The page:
# Isn't "contrast coding" just a weird way to write a mixture model?

My background is in CS and ML, so I am quite familiar with hierarchical Bayesian models -- and probabilistic programming. But I do not have much experience with traditional statistical methods. This makes my understanding of the standard formalisms for linear models involving "factor variables" and "contrasts" a bit flawed, I guess.

A (1D, one variable) linear model of $$Y_i$$ given $$X_i$$, as I see it, is of the form

$$Y_i \sim \mathrm{Normal}(\alpha + \beta X_i, \,\sigma)$$

where the $$X_i$$ are continuous values, to which is applied an affine transformation, and then some noise around it.

However, when people write a linear model in R as

y ~ x


where x really is a categorical variable (say, with values in $$\{1, \ldots, k\}$$), this, if I understand correctly, designates the model

$$Y_i \sim Normal([X_i = 1]\beta_1 + \cdots + [X_i = k]\beta_k,\, \sigma)$$

(using Iverson brackets). Or even something equivalent but stranger, by encoding the k values of $$X$$ in another orthogonal basis, in general:

$$Y_i \sim Normal(\mathrm{encode}(X_i) \cdot \vec{\beta}, \sigma)$$

Why isn't the formulation

$$Y_i \sim Normal(\mu_{X_i},\, \sigma)$$

used instead? (Which I called a "mixture" in the title because it's really a GMM where we know the cluster assignments in advance.)

I find this much more natural to describe and interpret. $$Y_i$$ does not vary with $$X_i$$ -- it discontinuously switches to a completely unrelated distribution. The domain of the $$X_i$$ in contrast coding is not the same as above -- they really have to come from a simplex of some sort. But I have never really seen this kind of interpretation -- "what is the treatment effect for a person that is given 80% of condition A and 20% of condition B"? The value of the $$X_i$$ loses its inherent "topology" if we go that way.

Also, in practical terms, there is even an R package emmeans that converts a linear model fit to exactly this form given through the "cluster means".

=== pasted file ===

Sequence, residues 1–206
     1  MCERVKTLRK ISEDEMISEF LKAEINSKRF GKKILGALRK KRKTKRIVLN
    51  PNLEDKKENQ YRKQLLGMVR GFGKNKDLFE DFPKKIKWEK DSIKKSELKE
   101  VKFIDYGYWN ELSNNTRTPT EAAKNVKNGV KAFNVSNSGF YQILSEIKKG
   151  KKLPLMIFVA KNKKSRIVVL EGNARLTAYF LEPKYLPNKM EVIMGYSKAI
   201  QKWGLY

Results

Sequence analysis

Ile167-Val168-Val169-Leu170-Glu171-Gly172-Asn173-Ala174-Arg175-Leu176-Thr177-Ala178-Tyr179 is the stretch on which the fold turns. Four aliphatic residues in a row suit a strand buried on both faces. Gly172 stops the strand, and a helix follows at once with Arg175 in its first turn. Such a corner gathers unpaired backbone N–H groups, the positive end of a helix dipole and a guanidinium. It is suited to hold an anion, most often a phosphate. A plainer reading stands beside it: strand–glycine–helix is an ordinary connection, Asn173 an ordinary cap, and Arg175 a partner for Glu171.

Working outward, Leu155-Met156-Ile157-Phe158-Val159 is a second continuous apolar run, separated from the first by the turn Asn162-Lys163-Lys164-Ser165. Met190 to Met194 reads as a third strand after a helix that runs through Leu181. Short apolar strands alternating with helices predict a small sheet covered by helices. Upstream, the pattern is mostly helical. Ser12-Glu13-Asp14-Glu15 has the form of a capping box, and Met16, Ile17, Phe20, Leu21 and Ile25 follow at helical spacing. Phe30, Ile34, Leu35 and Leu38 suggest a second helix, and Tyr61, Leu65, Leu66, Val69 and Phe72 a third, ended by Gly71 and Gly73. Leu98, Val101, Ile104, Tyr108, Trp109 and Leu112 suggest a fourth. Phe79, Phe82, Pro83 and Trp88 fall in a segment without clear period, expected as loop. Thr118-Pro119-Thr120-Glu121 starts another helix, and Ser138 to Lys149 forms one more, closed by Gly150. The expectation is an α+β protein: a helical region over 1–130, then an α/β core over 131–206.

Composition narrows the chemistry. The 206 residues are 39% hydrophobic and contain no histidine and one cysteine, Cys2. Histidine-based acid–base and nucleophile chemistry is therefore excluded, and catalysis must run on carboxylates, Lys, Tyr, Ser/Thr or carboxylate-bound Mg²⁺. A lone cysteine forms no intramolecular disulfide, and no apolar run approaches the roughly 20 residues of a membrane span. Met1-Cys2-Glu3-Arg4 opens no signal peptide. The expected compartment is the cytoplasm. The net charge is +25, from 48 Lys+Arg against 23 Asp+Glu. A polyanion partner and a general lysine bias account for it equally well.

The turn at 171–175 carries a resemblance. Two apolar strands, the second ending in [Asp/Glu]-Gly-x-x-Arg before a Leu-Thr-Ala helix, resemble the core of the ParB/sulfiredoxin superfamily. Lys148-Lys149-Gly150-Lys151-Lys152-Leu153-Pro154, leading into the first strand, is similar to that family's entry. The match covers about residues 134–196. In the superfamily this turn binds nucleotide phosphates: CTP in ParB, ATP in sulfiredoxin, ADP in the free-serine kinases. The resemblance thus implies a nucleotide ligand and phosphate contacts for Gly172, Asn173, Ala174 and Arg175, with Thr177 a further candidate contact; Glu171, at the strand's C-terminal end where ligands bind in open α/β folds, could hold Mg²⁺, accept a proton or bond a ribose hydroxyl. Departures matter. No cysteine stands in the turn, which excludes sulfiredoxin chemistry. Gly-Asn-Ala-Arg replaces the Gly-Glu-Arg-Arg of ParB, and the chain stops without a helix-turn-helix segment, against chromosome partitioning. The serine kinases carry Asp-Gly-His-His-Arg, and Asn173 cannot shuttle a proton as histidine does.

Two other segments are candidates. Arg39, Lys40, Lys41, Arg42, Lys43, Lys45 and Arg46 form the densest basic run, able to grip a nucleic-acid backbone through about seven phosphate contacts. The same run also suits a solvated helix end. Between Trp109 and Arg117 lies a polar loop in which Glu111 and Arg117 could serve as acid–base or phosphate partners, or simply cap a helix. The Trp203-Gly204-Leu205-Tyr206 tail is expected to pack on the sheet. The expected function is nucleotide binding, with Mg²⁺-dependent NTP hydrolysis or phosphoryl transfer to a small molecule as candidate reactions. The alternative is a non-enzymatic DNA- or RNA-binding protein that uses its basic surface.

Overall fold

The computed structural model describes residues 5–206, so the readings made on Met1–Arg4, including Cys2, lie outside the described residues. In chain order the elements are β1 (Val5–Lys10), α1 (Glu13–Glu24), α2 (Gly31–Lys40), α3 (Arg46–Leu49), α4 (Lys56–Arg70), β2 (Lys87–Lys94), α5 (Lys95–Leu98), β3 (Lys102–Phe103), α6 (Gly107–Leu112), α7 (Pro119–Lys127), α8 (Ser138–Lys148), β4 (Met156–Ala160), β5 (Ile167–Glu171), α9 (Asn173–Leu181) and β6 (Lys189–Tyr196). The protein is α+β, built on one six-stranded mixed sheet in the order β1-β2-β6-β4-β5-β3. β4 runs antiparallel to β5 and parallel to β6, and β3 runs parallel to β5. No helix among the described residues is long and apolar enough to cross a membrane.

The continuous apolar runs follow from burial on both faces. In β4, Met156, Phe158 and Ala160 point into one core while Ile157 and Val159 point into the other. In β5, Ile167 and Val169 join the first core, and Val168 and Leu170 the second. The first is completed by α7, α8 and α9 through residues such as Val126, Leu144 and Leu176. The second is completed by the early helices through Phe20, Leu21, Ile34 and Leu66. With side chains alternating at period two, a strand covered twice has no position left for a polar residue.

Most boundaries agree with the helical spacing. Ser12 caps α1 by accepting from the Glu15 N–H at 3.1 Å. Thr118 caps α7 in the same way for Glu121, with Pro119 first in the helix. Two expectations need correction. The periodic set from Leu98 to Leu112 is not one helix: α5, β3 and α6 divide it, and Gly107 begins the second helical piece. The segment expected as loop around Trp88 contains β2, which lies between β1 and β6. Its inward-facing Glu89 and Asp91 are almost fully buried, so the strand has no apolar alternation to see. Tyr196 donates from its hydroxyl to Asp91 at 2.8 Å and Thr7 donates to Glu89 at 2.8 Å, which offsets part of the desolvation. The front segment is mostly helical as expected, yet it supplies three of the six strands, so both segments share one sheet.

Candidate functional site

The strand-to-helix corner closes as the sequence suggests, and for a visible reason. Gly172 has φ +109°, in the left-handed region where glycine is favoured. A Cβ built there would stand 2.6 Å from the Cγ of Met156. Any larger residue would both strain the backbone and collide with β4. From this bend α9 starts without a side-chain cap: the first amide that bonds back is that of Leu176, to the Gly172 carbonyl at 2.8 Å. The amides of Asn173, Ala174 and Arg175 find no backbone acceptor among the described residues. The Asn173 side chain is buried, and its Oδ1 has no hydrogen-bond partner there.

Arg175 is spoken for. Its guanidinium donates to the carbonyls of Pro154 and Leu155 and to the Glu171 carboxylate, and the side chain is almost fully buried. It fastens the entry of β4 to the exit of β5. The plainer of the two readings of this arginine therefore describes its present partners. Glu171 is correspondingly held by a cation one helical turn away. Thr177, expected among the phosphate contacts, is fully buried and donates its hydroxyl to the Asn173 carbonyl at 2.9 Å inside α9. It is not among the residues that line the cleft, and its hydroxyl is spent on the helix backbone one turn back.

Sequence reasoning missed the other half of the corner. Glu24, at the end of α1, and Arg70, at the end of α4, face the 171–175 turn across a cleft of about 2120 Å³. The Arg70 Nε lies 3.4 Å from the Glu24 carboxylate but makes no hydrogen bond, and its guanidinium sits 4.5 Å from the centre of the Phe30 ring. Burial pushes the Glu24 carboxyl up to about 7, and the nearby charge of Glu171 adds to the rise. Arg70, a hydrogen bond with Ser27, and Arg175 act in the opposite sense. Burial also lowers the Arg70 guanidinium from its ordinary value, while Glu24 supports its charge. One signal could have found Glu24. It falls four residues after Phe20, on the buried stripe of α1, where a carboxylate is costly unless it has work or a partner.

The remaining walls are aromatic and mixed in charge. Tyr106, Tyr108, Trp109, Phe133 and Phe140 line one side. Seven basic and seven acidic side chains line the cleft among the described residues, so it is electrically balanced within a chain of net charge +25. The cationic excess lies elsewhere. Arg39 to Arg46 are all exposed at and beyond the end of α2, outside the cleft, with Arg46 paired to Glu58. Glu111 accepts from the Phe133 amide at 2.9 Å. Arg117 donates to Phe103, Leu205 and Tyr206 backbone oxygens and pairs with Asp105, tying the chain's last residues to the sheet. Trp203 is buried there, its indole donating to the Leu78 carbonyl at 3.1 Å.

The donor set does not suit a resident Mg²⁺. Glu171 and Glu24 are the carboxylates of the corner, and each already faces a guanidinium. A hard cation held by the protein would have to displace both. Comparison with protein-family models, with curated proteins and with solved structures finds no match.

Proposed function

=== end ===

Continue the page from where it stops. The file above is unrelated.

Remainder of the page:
So what am I missing? Is it only computational convenience -- reducing the discrete case to the already known regression form -- or is there an interpretational advantage? Why should I ever construct my mental model of a generative process in terms of contrasts?

## 1 Answer

I think you are confusing mathematical notation with programming language syntax in here. In R ~ is a function, that creates a formula class object. The formula class is a way of defining the model structure in R in terms of target variable(s) on the left hand side of ~, and features on the right hand side. So y ~ x means "A model where we predict y using feature x". Formula has nothing to do with the statistical model underlying the relationship between variables, same formula can be used for many different models.

As about mathematical notation, the regression model is defined as

$$y = \mathbf{X}\beta + \varepsilon$$

what is equivalent to probabilistic notation

$$y \sim \mathsf{Normal}(\mu_Y, \sigma)$$

where $$\mu_Y = \mathbf{X}\beta$$. Here $$\sim$$ indeed means "is distributed as". As a slight correction to notation you used, it's $$\mu_Y$$, the mean of $$Y$$ variable, not $$\mu_X$$ ($$X$$ does not even have to be a random variable).